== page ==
We could call it a movement to bring jobs back to small dairies — dairies that bring whole, raw, nutritious milk to the marketplace.

Maybe you, too, could consider voting with your pocketbook.

George Vigil

[Editor] Added 08/08/07: We too have heard the argument that raw milk is "bad for you" — but that blithe statement leaves out plenty. An article by Thomas Cowan, M.D. entitled "Raw Milk" addresses some of the ongoing multitude of illnesses we face today, in view of the fact that raw milk has been replaced in many diets by conventional "cooked" (pasteurized) and ground down (homogenized) milk:

Yet apart from all these explanations is perhaps the real key: fresh raw milk is a living, unprocessed, whole food. …

The lessons of studying milk and Pottenger’s cats are profound for the American health scene. One of them is also simple: processed, dead foods don’t support life or a happy, well-functioning society. This can only happen if people return to eating pure, wholesome, unprocessed foods.

In my practice I always start there. I encourage, insist and even beg people to eat real foods, no matter what the problem. Often with just this intervention the results are gratifying. So, find a cow, find a farmer, make sure the cow (goat, llama, or whichever other milk source) is healthy and start your return to good health.

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5 Comments for "Raw Milk is Good for You"

  1. Frank Trix

    I started drinking and using raw milk in cereal. it is so delicious and healthy for you.
    My dairy farm spokesperson said raw milk lowers your cholesterol. They also produced cheese that is not pasturized and that also helps lower your blood fats.
    Have any of you readers heard this comments from other sources>

  2. Diane Vigil

    Thanks, Frank, and welcome to We Want Organic Food. You might find this post (and comments) interesting: Organic Pastures sells fantastic Raw Cream.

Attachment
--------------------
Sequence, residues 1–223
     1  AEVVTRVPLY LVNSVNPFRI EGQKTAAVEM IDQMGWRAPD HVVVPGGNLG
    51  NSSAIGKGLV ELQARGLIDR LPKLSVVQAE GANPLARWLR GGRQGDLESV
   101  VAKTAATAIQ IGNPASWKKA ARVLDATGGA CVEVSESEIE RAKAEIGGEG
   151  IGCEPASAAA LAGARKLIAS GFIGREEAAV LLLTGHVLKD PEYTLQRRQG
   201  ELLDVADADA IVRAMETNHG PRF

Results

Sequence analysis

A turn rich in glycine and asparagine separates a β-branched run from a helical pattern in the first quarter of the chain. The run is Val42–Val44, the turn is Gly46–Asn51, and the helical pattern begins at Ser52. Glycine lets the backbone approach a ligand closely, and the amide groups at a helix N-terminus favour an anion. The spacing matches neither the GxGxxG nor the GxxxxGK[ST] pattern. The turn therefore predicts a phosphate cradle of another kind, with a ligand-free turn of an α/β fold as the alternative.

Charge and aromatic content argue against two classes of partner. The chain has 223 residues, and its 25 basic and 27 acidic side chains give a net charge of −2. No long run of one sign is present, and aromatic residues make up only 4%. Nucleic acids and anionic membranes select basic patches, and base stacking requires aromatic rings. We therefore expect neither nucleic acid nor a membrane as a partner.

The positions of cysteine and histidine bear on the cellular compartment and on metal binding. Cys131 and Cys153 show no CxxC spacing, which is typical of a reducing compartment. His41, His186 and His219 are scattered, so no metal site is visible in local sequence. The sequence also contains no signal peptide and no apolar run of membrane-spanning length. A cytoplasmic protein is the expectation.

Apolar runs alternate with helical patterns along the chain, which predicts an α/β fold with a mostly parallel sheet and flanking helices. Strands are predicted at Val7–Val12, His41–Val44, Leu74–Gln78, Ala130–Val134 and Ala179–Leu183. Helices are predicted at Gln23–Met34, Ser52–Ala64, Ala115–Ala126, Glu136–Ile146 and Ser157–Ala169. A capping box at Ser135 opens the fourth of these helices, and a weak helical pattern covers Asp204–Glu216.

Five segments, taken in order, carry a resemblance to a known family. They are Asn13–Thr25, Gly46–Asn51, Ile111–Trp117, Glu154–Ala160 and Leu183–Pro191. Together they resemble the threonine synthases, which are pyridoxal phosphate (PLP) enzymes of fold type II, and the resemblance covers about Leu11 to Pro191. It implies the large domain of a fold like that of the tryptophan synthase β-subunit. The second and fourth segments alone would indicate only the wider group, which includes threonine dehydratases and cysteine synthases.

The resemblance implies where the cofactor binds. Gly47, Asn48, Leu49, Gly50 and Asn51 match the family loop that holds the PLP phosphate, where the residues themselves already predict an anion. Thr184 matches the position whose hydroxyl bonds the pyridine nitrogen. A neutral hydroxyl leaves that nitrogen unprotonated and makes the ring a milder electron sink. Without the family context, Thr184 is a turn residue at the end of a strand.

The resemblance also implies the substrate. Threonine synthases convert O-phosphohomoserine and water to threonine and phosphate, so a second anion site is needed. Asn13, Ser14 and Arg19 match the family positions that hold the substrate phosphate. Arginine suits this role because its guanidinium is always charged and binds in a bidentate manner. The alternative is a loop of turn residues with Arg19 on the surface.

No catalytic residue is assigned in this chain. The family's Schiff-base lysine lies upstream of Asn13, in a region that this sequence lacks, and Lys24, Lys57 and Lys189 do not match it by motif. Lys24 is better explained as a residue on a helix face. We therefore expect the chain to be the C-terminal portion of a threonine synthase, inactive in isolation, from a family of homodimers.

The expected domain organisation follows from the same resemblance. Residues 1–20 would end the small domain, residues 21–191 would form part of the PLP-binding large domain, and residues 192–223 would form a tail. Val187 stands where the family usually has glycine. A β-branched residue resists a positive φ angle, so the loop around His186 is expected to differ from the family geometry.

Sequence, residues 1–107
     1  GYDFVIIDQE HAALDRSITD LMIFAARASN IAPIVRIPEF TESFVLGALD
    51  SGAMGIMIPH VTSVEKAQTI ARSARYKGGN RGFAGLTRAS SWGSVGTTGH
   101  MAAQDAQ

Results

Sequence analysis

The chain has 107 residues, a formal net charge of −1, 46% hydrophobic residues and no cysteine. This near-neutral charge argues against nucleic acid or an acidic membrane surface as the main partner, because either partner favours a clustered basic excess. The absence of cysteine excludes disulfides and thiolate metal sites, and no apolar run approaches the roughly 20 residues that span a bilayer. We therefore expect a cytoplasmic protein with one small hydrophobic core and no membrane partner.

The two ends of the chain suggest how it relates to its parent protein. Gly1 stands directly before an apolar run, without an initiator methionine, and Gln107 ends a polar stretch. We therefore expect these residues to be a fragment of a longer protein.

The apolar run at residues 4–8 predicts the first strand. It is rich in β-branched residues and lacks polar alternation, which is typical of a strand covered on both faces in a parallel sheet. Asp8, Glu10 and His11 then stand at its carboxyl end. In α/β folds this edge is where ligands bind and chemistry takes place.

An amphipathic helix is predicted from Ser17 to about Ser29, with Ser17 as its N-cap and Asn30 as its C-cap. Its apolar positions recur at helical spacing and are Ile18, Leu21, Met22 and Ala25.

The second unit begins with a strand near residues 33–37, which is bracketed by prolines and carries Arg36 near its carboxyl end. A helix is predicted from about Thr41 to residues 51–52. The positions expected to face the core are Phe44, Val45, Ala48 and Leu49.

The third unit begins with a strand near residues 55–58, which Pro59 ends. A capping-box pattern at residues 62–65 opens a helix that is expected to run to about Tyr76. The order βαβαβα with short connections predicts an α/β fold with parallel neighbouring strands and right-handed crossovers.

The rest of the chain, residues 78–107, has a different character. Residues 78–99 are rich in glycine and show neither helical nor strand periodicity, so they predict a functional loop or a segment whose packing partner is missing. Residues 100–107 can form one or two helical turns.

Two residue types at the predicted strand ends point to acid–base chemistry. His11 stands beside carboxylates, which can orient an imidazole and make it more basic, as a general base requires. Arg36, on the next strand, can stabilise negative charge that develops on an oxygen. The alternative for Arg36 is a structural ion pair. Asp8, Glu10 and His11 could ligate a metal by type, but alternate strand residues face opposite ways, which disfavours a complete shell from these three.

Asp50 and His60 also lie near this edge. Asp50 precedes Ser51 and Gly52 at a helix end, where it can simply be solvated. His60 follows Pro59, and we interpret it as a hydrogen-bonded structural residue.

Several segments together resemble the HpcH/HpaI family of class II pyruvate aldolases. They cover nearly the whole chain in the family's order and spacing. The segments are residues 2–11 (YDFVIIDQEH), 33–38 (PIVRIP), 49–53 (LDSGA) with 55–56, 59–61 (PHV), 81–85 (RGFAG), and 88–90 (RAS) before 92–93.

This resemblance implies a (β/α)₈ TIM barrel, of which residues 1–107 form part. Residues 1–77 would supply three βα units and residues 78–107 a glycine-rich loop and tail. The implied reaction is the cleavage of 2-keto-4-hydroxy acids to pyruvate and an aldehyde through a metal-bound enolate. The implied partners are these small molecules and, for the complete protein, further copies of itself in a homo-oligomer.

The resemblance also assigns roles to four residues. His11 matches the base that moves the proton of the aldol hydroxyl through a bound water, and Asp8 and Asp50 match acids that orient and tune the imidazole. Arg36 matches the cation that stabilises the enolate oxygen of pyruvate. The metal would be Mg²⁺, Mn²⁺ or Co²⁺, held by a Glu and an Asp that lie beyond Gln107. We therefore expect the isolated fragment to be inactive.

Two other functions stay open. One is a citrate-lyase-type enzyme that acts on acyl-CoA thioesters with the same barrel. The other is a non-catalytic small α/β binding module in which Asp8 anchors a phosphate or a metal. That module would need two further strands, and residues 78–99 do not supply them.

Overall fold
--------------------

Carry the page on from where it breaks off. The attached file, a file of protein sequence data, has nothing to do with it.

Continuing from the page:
3. rebecca sanders

    i’m a fan of whole unpasturized milk myself, but a word of caution; the reason milk is pasteurized is to reduce the transmission of disease.

    Bovine Tuberculosis, Brucellosis, salmonella, listeria, Q-fever…. the list goes on.

    it’s all very well and good to say “it’s good for you”, but there are also health risks associated with consuming unpasteurized dairy products….

  4. Diane Vigil

    Hi Rebecca, and welcome to We Want Organic Food.

    Point taken, and that’s what’s told us. But bear in mind this article: Two People Die After Drinking Listeria Tainted Milk In Massachusetts — where the milk was processed (which means pasteurized) — so pasteurization is not the solid answer it’s being "sold" as.

    There have been instances of food contamination in anything from dairy products to vegetables to whatever. Interestingly, David Gumpert’s TheCompletePatient.com is running an article Is Regulator Alerting Us to Real Raw Milk Issues, or Excuses?. Interesting reading, especially with respect to the insurance ramifications (or lack thereof) of selling raw milk.

    My own preference would be to test all milk for pathogens. Relying on mandatory boiling (pasteurization) without testing, or on hope that milk (raw or pasteurized) is safe is simply not logical … I’d like full-scope testing to ensure that any foodstuff is safe for consumption. Which would undoubtedly be expensive (I guess), but very helpful to us as consumers.

  5. Is pasteurized milk good for you?

    […] seems that many people have the idea that raw milk may be harmful (see our Raw Milk is Good for You). I'm not out to argue against anyone's position — although one of these days I'll write an […]